I woke up this morning hoping to send some emails and get a bit of computer work done before heading out to take the sheep out to pasture, cut some greens for the ducks, and change the sprinklers. As has often been the case during the past couple months, however, the vortex of the internet has led me down the rabbit hole of seemingly endless reports and gloomy analyses relating to the imminent crises caused by climate change, biodiversity loss, and as one report put it, “the end of nature.”
It´s hard to not pay attention, especially to reputable commentaries such as the October 2018 IPCC report which pretty much lays the cards on the table as far as the climatic disasters we´re creating. The Intergovernmental Science-Policy Platform on Biodiversity and Ecosystem Services is set to release another gloomy report in May of this year looking at how the loss of species, ecosystems and genetic diversity is also a direct threat to our long-term wellbeing. I´ll probably spend some time getting depressed while reading through that one as well.
What really disheartens me, however, are the proposed solutions set forth by academics, activists, and others. I just recently finished reading Jeremy Rifkin´s book titled “The Third Industrial Revolution.” The basic theme of the book is that if our political leaders can get their act together and make the transition towards a world powered by renewable energies, electrical cars, and decentralized “smart grids”, the mantra of global economic growth powered by infinite consumer demand can continue unimpeded.
The Green New Deal as proposed by Alexandria Ocasio Cortez seems to follow a similar logic: our economy needs to continue to grow and expand, though prioritizing those areas of business that lead to the decarbonization of our economy. We need to fly less, she says, but we´ll make up for the economic losses in the aviation industry by building millions of miles of a high speed rail network powered by millions of solar panels and wind turbines across the country.
“The show must go on,” as Roger Waters tells us, and our civilization seems perfectly incapable of questioning the fundamental elements of our livelihoods that have led us to the brink. Instead of taking backwards steps away from the precipice that is fast approaching, we seem to only accelerate our pace, trusting that magical engineers will come up with a way to build a bridge or perhaps trusting that our increasingly velocity will simply wonderfully project us into a better future.
While I have all the respect in the world for those young, student climate activists who are skipping school to demand important climatic actions, I have yet to hear any sort of meaningful, profound, and consequential calls for action. In one sense, it seems pretty obvious: centuries of unprecedented economic growth fueled by access to cheap fossil fuels and exacerbated by increasing consumer demand that always comes with affluence has completely ruptured the balance that is required for healthy ecosystems to sustain life.
The simple solution? Reverse that trend. Stop growth. Limit our consumer desires. Restrain technology. Accept the natural limitations and boundaries that come with being a species on this earth that we share. The problem of course, is that none of that sounds very sexy. Limitations, restraint, and boundaries are not things that people get excited about. Try and build a political career around that platform and see how far you get.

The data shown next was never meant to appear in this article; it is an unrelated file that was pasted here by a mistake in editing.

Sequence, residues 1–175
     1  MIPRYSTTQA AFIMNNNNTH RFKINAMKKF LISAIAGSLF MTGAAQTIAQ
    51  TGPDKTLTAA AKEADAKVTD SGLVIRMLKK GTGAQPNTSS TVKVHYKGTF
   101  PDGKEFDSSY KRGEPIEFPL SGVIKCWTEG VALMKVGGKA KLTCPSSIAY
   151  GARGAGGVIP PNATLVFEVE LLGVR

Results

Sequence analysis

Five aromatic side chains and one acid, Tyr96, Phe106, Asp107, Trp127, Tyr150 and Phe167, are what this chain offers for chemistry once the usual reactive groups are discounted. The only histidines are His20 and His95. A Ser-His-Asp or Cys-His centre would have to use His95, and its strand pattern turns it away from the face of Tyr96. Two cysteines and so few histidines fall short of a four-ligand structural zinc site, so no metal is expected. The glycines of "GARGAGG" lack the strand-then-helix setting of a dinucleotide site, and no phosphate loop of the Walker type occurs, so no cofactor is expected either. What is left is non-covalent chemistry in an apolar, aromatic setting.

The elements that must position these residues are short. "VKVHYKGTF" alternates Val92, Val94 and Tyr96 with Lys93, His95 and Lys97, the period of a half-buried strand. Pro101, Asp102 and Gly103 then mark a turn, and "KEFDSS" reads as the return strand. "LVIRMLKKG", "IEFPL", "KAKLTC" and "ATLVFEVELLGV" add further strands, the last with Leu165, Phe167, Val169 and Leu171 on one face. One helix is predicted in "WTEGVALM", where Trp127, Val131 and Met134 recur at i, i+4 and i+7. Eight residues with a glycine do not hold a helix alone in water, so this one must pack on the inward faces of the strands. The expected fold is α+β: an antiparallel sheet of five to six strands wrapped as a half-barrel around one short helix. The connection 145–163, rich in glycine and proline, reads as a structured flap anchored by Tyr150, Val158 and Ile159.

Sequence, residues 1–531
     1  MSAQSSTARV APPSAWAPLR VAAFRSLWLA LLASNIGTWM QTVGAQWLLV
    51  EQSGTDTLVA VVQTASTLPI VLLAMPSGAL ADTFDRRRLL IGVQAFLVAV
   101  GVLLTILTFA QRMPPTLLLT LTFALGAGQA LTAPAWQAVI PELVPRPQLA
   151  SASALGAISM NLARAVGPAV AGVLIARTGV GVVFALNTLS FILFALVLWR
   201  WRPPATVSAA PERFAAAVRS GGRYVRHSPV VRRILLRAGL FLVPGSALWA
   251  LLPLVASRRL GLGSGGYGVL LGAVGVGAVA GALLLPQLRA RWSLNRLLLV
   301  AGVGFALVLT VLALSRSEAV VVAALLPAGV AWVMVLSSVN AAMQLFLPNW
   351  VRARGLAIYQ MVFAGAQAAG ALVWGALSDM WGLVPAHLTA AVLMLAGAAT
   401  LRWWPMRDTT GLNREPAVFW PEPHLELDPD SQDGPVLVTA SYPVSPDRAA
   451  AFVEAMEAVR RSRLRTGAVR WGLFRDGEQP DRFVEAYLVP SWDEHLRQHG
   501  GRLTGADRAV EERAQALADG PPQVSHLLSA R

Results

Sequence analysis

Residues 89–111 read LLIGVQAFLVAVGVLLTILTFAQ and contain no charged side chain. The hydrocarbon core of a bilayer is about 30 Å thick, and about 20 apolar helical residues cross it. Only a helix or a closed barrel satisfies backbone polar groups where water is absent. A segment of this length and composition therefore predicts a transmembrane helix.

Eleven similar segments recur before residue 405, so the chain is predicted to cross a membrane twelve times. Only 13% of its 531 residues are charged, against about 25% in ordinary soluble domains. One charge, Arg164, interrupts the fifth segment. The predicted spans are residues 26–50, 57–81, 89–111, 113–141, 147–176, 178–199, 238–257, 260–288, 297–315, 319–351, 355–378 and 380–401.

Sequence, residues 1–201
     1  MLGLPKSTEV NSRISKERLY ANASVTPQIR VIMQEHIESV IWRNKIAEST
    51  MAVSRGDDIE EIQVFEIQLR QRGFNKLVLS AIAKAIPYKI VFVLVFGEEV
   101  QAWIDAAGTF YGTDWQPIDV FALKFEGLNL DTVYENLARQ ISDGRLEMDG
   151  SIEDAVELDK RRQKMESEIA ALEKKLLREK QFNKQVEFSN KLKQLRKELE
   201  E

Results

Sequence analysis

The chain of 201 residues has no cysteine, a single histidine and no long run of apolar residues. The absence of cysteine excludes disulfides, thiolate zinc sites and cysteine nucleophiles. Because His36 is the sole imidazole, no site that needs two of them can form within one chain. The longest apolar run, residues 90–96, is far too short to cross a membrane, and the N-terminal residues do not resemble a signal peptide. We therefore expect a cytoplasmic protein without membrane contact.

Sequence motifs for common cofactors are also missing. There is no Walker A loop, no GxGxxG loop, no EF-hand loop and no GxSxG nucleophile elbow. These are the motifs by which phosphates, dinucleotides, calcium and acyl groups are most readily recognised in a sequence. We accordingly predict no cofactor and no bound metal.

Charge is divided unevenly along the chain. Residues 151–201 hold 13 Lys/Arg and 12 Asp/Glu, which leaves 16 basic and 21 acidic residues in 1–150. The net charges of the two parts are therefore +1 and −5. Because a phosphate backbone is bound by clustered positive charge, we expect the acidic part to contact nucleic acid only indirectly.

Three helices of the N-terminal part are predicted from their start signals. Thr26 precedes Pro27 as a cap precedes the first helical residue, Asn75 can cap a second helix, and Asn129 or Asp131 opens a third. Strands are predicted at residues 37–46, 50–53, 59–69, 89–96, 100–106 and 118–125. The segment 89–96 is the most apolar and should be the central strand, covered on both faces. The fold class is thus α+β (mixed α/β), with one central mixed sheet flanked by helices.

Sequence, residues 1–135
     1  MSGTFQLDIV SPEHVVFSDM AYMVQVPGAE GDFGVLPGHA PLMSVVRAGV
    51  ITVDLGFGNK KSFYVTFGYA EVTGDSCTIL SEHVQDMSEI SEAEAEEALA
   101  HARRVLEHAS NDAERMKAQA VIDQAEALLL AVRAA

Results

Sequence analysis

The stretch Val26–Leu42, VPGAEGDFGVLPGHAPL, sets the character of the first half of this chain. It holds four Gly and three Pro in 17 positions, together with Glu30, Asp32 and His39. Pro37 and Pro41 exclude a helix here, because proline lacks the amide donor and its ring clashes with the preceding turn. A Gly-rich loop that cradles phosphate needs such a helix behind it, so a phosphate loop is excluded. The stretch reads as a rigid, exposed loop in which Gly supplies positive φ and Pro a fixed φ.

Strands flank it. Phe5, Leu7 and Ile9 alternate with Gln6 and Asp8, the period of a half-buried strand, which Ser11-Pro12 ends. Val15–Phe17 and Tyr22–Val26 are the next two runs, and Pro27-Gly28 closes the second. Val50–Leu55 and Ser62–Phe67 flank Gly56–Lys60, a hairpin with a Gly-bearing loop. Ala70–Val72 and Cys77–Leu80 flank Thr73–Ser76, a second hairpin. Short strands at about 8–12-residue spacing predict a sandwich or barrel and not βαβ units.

It´s much more rousing to promote solutions that sound futuristic. The Third Industrial Revolution. The Green Economy. Electric cars and solar panels, and smart homes and connected grids. These solutions, however exciting they may sound, are just a continuation of the economic growth paradigm; a furthering of our attempt to technologically control and manipulate the world for the advancement of comfortable, consumer lifestyles.
In one of the news reports I read this morning, one of the young climate activists who participated in the recent school strikes for climate action was talking about how indigenous people around the world offered knowledge and wisdom that could be useful in helping us to find solutions to the global ecological crises that threaten our future. She said something along the lines of: “of course we can´t turn back the clock to live like indigenous people do, but we can learn from their values.”
Why can´t we turn back the clock? What would that entail? Why is that 99.99% of people would accept that statement as an undeniable truth? These are questions that I think get to the heart of the matter and that need to be honestly dealt with as we search for ways to avoid the catastrophes that appear ever closer on the horizon.
If turning back the clock means living simpler lives, travelling less, being more attached to the places that offer us sustenance, reducing our dependence on the technological wonders that only reinforce our control of the planet and our separation from the natural world, perhaps turning back the clock is exactly what we need.
Turning back the clock most likely means that we will have to reverse the trend of urbanization. There needs to be less office jobs and more field work, less smooth, manicured computer hands and more rough and calloused farmer´s hands. We need to increase the “eyes to acres” ratio of our rural areas, and have more people directly involved with natural economies that can provide a sustainable sustenance for placed communities.
Turning back the clock means advancing the proximity of our lives and livelihoods to the ecosystems and watersheds that provide for us. The closer we are to the world that surrounds us, the more we will feel the effects of our economies and the better equipped we will be to tailor our lives to a greater sense of balance.